On sediment accumulation rates and stratigraphic completeness: Lessons from Holocene ocean margins

TitleOn sediment accumulation rates and stratigraphic completeness: Lessons from Holocene ocean margins
Publication TypeJournal Article
Year of Publication2006
AuthorsSommerfield, CK
JournalContinental Shelf Research
Date PublishedNov
Accession NumberWOS:000242333600015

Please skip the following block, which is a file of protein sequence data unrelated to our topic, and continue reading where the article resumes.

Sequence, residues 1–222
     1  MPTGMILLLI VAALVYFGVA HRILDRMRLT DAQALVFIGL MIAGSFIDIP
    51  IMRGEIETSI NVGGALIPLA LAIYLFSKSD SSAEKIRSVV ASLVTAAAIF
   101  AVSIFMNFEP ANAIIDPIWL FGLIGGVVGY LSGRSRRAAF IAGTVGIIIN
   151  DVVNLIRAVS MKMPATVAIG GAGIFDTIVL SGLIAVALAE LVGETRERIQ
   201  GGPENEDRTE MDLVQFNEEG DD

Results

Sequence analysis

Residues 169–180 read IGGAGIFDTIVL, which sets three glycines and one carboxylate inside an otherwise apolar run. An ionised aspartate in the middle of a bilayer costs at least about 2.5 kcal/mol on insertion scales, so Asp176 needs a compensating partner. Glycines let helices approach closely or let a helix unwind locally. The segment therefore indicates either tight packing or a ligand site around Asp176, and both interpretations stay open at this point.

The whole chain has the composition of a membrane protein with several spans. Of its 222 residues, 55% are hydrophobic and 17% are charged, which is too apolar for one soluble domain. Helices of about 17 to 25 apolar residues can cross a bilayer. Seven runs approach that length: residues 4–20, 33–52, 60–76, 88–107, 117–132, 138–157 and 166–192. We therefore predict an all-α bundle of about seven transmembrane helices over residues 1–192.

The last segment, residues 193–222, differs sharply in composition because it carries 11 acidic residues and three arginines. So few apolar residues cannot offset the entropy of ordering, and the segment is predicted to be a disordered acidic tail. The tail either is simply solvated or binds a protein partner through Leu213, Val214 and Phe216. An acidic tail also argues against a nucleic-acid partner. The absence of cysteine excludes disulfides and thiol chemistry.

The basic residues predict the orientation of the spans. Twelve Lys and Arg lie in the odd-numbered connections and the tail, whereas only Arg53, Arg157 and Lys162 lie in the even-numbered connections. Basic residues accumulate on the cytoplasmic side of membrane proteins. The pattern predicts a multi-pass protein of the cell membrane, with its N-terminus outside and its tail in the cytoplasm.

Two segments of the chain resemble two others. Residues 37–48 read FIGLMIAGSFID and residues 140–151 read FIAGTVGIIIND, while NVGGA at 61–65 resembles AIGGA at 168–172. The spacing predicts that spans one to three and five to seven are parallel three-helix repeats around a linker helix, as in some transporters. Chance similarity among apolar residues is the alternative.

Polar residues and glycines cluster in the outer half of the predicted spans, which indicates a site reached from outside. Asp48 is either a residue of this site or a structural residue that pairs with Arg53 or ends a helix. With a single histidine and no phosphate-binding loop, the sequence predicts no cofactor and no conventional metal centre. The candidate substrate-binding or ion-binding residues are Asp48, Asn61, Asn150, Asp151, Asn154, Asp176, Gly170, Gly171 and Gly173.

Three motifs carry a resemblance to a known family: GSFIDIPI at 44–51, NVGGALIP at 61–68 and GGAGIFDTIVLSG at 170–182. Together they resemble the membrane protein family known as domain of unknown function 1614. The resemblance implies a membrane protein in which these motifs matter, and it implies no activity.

Stratigraphic completeness is a fundamental consideration when deciphering the mass accumulation history of sediments and the geologic record of earth and ocean processes. In this study, stratigraphic completeness was examined in the context of late Holocene sedimentary successions using published sediment accumulation rates for five ocean margin systems (Amazon shelf, Hudson estuary, northern California shelf, Mid-Atlantic slope, Santa Monica Bay). Plots of mass accumulation rate versus time span of averaging were used to determine how rates scale with measurement period, and to estimate levels of stratigraphic completeness for comparison within and among margin systems. Statistically significant inverse correlations between accumulation rate and time span of averaging are indicated for all but one of these systems-most of the sedimentary records examined are stratigraphically incomplete. At the 10(3)-yr level of resolution, completeness is 20-48% for strongly tidal estuarine (Hudson estuary) and deltaic shelf (Amazon shelf) sites, 51-91% for accretionary shelves (northern California shelf) and slopes (Mid-Atlantic slope), and 85-100% for a sediment-starved slope (Santa Monica bay). Mass accumulation rates converge to a relatively narrow range (0.01-0.1 g cm(-2) yr(-1)) at the 10(4)-yr level of resolution, consistent with the notion that there are universal controls on sediment accumulation rate, i.e., rate of sea-level rise and sediment supply. Among sites on the Amazon and northern California shelves, within-system completeness varies by similar to 10-20% on account of site-specific sedimentary processes that preferentially trap or disperse suspended sediment. Overall, stratigraphic completeness increases with water depth shelf-to-slope, yet depth is not a robust predictor of completeness in general owing to differences in strata-forming processes among shallow-marine environments. Significantly, completeness varies inversely with instantaneous deposition rate as the most sediment-rich systems tend to exhibit the most incomplete sedimentary records. The findings of this study emphasize the importance of considering time span and fidelity when interpreting the accumulation history of modern and Holocene sedimentary strata. (c) 2006 Elsevier Ltd. All rights reserved.